Imagine the cruelty of being trapped on a prison ship to Australia, your sadistic captors torturing you on the rack or lashing you with the cat o’ nine tails as undulating seas heave and pitch. The convict vessel Success was one such ship of horrors… Step Right Up! Pay a fee, and you too can see the show!
If all this sounds a little bit like a huckster trying to get you into a circus sideshow, then you’re right. It is!
Built in 1840 (not 1790) the Success had many lives, first as a shipping vessel serving British India and then as a passenger ship ferrying immigrants (not convicts) to Australia. During one trip to Australia the Success arrived right at the peak of the Australian gold rush and her crew deserted to strike it rich. Without mariners the ship was left moored near Melbourne, Australia, where it became a prison hulk and later a stores ship.
Much later, in 1890, some enterprising individuals bought the ship and refurbished it into a traveling museum albeit a highly embellished one. More myth than fact, the Success was a spectacle. By recasting the past as more brutal than it really was, the Success gave 20th Century tourists the opportunity tell stories about themselves. How they were the civilized ones and how progress had made the modern world a better place.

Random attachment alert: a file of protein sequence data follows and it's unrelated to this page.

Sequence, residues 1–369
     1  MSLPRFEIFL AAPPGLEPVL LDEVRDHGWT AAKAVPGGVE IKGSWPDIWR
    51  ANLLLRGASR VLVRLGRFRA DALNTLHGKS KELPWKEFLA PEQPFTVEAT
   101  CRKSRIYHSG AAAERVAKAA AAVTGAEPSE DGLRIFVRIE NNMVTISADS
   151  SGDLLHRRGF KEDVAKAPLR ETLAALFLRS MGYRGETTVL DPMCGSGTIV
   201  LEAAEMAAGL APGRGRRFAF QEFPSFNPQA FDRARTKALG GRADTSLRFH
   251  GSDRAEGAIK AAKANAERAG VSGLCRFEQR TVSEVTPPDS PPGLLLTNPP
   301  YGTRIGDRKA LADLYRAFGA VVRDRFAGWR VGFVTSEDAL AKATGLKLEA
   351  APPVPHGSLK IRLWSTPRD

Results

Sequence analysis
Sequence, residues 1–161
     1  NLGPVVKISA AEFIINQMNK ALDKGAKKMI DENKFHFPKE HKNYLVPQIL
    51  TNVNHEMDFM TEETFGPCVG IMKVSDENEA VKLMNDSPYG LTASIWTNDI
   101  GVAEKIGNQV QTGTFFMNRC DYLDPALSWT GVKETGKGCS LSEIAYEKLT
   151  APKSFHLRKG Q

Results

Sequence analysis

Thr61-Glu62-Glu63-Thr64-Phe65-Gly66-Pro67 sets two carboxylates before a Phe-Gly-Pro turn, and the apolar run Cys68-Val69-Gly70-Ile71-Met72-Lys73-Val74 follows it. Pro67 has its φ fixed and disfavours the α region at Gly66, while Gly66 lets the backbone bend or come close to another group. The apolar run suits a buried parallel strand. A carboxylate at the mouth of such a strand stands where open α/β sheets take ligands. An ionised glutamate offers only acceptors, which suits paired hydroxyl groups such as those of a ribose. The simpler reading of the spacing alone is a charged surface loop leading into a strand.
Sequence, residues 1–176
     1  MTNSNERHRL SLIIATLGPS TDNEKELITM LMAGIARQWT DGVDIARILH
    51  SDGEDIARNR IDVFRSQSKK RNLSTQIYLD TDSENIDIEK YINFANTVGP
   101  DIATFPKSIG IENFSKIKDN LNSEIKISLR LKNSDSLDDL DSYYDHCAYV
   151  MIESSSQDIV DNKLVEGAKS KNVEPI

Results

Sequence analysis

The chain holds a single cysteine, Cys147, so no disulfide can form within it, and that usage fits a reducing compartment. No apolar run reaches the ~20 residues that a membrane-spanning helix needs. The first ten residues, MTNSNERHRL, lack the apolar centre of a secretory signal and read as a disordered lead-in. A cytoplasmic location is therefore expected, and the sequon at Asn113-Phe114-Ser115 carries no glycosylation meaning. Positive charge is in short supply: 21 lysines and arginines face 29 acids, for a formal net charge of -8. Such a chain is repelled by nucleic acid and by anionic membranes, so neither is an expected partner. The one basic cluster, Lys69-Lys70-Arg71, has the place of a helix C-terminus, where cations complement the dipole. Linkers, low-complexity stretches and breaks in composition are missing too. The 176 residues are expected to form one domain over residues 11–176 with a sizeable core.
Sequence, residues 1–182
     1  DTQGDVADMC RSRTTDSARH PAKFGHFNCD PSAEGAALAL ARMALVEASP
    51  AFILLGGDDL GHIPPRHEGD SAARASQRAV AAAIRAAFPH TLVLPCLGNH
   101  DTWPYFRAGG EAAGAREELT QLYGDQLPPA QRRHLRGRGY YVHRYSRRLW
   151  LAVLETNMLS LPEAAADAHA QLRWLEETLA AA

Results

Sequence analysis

Currently the library cataloging team is at work on the museum’s collection of photo negatives belonging to Edward Hungerford. These photos, numbering well into the thousands, document the globetrotting photographer’s many adventures to Europe and across the United States from about 1908-1938.
Recently we came across the Success in her traveling museum days. Here she is docked in the Ohio River near Louisville, Kentucky, in 1917.
The Success‘ storied career as a shipping vessel, passenger ship, convict ship, storehouse, and traveling-museum-cum-sideshow attraction came to an end in 1946 when she caught fire and burned to the waterline in Lake Erie near Cleveland.
More on the Success
In the video below, the silent film stars Roscoe “Fatty” Arbuckle and Mable Normand star in a short film dating to 1915 where they visit the Success at the San Francisco World’s Fair. In this segment they tour the ship and are titillated by its many “horrors.”
Recently a Masters student at East Carolina University, Kathryn Cooper, completed a thesis on the Success. It is a material culture study in their Maritime Studies program about the ship’s days as a traveling museum. ECU has made the work available here. Cooper finds that the torture devices Fatty Arbuckle and Mable Normand view are more accurately dated to the Spanish Inquisition.
Our cataloging work at The Mariners’ Museum is made possible by a ‘hidden collections’ grant from the Council on Library and Information Resources.